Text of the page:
May 31, 2022
Life & Letters, the official magazine for University of Texas Austin’s College of Liberal Arts recently published a deep dive into University of Arizona Press author and editor Frederick Luis Aldama.
In “The Pilgrimage of Professor Latinx” Frederick Luis Aldama and the Making of an Academic Superhero,” Emily Nielsen goes from Aldama’s early childhood to his love scholarship, and of course, Latinx pop culture.
Aldama is the co-editor of the Press’s Latinx Pop Culture series. Its most recent title, Latinx TV in the Twenty-First Century, edited by Aldama, argues that Latinx TV is not just television—it’s an entire movement. Digital spaces and streaming platforms today have allowed for Latinx representation on TV that speaks to Latinx people and non-Latinx people alike, bringing rich and varied Latinx cultures into mainstream television and addressing urbanization, immigration, family life, language, politics, gender, sexuality, class, race, and ethnicity.
Here’s an excerpt from the Life & Letters feature:
At the heart of Aldama’s work is the belief that academic scholarship has an essential role to play in the growth and health of the field of Latino comics. It is not just about reading and critiquing the work of writers and artists, but also legitimizing them and their field. This extends beyond comics to other media as well. Film and television, in particular, have been abiding interests. He’s published two books on the Austin-based film director Robert Rodriguez and is currently working on two books on Latinx TV.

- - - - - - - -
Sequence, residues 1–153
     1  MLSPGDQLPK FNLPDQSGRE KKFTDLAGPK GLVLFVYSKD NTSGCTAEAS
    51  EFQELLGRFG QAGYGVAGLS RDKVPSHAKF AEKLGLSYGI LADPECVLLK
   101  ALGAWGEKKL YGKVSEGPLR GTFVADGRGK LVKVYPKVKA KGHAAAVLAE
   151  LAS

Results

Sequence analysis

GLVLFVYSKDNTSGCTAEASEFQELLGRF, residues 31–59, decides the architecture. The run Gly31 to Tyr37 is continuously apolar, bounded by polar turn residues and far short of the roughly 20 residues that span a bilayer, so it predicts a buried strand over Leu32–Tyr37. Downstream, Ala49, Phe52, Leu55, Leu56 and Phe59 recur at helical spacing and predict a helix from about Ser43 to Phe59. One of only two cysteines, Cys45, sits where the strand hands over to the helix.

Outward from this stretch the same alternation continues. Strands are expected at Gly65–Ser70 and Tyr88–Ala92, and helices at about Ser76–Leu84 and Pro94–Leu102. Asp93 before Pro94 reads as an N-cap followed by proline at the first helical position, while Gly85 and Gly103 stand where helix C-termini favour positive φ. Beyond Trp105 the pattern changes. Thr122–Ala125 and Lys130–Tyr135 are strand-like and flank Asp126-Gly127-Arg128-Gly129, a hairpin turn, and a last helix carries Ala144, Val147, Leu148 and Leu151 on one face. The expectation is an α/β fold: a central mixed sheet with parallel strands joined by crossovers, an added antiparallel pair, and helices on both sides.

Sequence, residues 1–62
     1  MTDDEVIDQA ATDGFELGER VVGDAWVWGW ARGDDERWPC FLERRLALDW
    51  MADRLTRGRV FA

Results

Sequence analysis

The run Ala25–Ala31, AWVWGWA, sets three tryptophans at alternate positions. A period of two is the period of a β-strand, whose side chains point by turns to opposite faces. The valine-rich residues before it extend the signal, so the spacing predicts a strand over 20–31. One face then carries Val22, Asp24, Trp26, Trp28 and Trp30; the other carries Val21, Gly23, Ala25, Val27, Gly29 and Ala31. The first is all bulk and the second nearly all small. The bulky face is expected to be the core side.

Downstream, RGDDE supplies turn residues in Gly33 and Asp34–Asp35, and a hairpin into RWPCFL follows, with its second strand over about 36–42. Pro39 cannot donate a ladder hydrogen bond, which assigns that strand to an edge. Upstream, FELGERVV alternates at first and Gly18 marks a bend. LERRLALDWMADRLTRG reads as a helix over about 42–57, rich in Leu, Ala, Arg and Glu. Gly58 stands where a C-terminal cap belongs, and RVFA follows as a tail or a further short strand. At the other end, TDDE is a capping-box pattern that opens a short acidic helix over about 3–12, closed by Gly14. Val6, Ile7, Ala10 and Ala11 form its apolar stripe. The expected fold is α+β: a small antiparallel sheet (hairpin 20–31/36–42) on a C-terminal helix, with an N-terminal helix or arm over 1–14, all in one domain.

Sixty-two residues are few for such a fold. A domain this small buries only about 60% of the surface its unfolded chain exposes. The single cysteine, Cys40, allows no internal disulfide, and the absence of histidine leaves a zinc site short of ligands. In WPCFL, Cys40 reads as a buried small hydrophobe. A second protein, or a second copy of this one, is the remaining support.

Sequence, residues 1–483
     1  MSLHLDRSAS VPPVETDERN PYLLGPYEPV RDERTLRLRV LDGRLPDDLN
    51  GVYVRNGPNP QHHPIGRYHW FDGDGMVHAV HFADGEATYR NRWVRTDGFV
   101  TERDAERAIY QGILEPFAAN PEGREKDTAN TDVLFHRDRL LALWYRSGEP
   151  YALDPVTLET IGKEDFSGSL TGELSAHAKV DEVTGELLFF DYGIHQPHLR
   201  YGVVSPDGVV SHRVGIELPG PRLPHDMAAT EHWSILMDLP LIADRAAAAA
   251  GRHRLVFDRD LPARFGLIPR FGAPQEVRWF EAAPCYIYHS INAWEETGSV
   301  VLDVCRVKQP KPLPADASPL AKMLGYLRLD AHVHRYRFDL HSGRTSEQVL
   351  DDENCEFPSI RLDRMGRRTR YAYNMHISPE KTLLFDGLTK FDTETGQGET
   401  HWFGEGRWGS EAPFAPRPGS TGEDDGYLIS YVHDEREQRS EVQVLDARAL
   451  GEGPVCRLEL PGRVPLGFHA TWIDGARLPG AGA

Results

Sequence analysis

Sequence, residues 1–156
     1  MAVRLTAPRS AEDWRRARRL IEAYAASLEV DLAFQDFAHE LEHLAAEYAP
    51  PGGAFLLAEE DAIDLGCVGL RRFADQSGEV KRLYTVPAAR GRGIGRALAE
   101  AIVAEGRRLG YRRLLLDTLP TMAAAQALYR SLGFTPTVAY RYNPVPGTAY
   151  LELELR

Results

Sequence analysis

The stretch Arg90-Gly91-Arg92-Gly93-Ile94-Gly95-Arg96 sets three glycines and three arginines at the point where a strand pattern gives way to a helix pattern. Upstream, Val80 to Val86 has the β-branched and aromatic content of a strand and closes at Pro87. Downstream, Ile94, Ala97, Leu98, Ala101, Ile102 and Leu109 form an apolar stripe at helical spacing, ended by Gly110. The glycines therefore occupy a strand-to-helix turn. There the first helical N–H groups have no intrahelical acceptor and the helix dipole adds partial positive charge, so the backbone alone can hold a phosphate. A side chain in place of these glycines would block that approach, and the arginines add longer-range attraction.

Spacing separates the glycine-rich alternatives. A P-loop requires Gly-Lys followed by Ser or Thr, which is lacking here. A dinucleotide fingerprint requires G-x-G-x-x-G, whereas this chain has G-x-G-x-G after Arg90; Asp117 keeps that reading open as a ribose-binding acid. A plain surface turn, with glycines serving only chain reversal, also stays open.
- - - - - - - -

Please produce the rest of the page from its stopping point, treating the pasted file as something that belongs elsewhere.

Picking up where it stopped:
“Wherever I can, I try to bring to these spaces the cultural gravitas, or cultural capital, of being a Ph.D. and a professor with an endowed chair,” Aldama said. “The artists don’t necessarily need it to find readers, but it’s like your art being pulled into a space like the Smithsonian. Suddenly more people are going to take it seriously as art, as some- thing carefully crafted to make a difference in the world.”
As a Latino kid growing up in the 1970s and ‘80s, Aldama didn’t often see people like himself in the media he absorbed. “Growing up, we didn’t have a TV at home, so it was at my abuelita’s that we would watch TV,” Aldama said. “We would spend the night on a Friday, and as a treat on Saturday she would let us watch cartoons. I remember very vividly Speedy Gonzales was one of the few representations. I didn’t know at the time how bad that representation was. There’s Slowpoke Rodriguez, his cousin, who seems totally stoned all the time. And Speedy, what is he doing? He’s a master thief.”
To read the entire interview go here.
*Illustration of Aldama in the image of Marvel’s Professor X. By J. Gonzo